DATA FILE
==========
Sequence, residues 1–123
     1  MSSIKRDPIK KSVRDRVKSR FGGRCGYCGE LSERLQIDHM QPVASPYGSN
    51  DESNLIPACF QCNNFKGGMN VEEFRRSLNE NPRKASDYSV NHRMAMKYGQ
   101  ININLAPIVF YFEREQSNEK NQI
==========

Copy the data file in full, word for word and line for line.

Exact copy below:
Sequence, residues 1–123
     1  MSSIKRDPIK KSVRDRVKSR FGGRCGYCGE LSERLQIDHM QPVASPYGSN
    51  DESNLIPACF QCNNFKGGMN VEEFRRSLNE NPRKASDYSV NHRMAMKYGQ
   101  ININLAPIVF YFEREQSNEK NQI